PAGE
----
Hello Kitty in Mid-Life Crisis as Sanrio Changes Strategy
Hello Kitty is having a mid-life crisis.
Sanrio Co., the owner of the 39-year-old white cat character with no mouth and a red bow on her ear, has made a fortune licensing its brand to other companies, letting them bear the risks of making and selling the goods. Now, it’s shifting strategy to sell more of its own merchandise, prompting the biggest stock drop in 19 years and wiping almost $450 million off its market value yesterday.
“If you do it yourself and start advertising and opening up stores, you could lose a lot of money,” said Edwin Merner, president of Atlantis Investment Research Corp. in Tokyo. “If you’re licensing, you don’t take any risks. It’s been a great short-cut to growth.”
Sanrio plunged 16 percent yesterday in Tokyo after it gave a presentation announcing a plan to expand its “core business,” in retail stores, including advertising, greeting cards and expansion of sales channels. The shift represents a move away from the licensing strategy that more than doubled operating margin, which averaged 27 percent over the past five quarters, according to data compiled by Bloomberg.
The shares rose 1.1 percent to 2,627 yen as of the close in Tokyo trading, while Japan’s Topix index gained 1 percent.
Founder Shintaro Tsuji’s Sanrio reduced the reliance on marketing Hello Kitty goods as licensing revenue climbed. The company is now going back toward creating and marketing its own goods.
“The changes are part of our effort to supplement the licensing business, which is our profit driver,” Hideo Yamaguchi, a spokesman for the Tokyo-based company, said yesterday.
The shift raised concerns that costs would rise as the company moves beyond licensing, Sho Kawano and Jingyuan Liu, analysts at Goldman Sachs Group Inc., wrote in a May 21 note.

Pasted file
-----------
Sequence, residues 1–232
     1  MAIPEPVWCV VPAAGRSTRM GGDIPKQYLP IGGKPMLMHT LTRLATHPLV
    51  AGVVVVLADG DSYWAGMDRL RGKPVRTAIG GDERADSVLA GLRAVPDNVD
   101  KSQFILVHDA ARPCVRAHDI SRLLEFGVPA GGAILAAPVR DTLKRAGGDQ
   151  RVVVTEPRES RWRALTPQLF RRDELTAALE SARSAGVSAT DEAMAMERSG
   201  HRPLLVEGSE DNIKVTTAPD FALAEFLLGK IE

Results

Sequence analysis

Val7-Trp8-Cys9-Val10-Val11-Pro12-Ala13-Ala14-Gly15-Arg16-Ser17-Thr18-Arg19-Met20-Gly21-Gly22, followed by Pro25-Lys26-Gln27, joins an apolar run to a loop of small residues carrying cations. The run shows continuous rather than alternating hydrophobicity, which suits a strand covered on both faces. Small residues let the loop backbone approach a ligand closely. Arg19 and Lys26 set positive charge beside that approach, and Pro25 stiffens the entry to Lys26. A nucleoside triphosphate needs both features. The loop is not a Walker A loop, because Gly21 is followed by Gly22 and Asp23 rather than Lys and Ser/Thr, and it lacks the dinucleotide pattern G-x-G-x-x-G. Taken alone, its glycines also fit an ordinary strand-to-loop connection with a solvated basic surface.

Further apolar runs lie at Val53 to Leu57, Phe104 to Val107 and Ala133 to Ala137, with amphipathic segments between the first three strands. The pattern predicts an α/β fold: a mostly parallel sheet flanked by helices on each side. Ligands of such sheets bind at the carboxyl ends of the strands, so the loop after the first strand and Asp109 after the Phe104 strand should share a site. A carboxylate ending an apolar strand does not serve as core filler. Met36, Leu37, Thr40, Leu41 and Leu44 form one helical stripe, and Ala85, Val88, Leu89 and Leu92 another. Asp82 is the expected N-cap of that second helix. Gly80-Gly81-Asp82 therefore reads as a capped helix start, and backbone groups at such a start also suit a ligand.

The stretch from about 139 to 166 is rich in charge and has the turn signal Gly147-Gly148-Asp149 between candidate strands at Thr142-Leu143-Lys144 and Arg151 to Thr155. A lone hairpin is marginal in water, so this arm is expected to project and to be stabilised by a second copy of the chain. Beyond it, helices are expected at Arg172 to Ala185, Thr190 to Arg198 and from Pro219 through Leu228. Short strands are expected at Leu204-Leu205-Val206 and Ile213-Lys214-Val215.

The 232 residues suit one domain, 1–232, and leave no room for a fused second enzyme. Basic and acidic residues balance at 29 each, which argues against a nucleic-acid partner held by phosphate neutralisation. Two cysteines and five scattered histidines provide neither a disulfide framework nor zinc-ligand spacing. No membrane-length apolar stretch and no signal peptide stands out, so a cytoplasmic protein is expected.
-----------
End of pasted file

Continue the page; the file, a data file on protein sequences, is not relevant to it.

“We see little prospect of a rapid turnaround given that this is a transition period,” Kawano and Liu said. The death last year of Kunihiko Tsuji, the founder’s son and the company’s vice president, left overseas operations under the sole charge of Vice Chairman Ray Hatoyama, they said.
They lowered their 12-month target price from 3,800 yen to 3,200 yen, also citing sluggish U.S. sales as a negative factor. The shares closed at 2,598 yen yesterday.
Sanrio surged 61 percent last year, after dropping 31 percent in 2012 and more than doubling in the previous year.
Sales of Sanrio, also the creator of the Little Twin Stars and My Melody, will probably rise 3.4 percent to 79.6 billion yen ($782 million) for the year ending March 2015, compared with 3.7 percent growth a year earlier, the company said on May 15. Operating profit will increase 4.7 percent to 22 billion yen, the company forecasts.
Investors could be concerned that the company’s profit targets may no longer be achievable, Mia Nagasaka, an analyst at Morgan Stanley MUFG Securities Co., wrote in a note to clients, after the company held a briefing on May 21.
Sanrio has become too dependent on its flagship character, said Amir Anvarzadeh, manager of Japanese equity sales in Singapore at BGC Partners Inc.
“You have to grow your revenues beyond one particular character,” he said. “They’ve done so much with Hello Kitty that what they can still do is limited.”
Within Japan, Hello Kitty’s star is still rising. The iconic cat was the country’s third-highest grossing character last year, up from No. 4 in the previous year, according to the Character Databank, a marketing consulting company.
Pop singer Lady Gaga and reality television performer Paris Hilton drew attention to the brand by participating in Hello Kitty’s 35th birthday celebrations in 2009. Singer Avril Lavigne more recently released a music video called Hello Kitty.
“They’ve been pretty good at keeping the brand at the forefront,” said John Easum, CEO of brand management firm One Bridge. “They’re going to continue to find new ways of making Hello Kitty exciting for new demographics.”
To contact the reporter on this story: Chris Shimamoto in Tokyo at firstname.lastname@example.org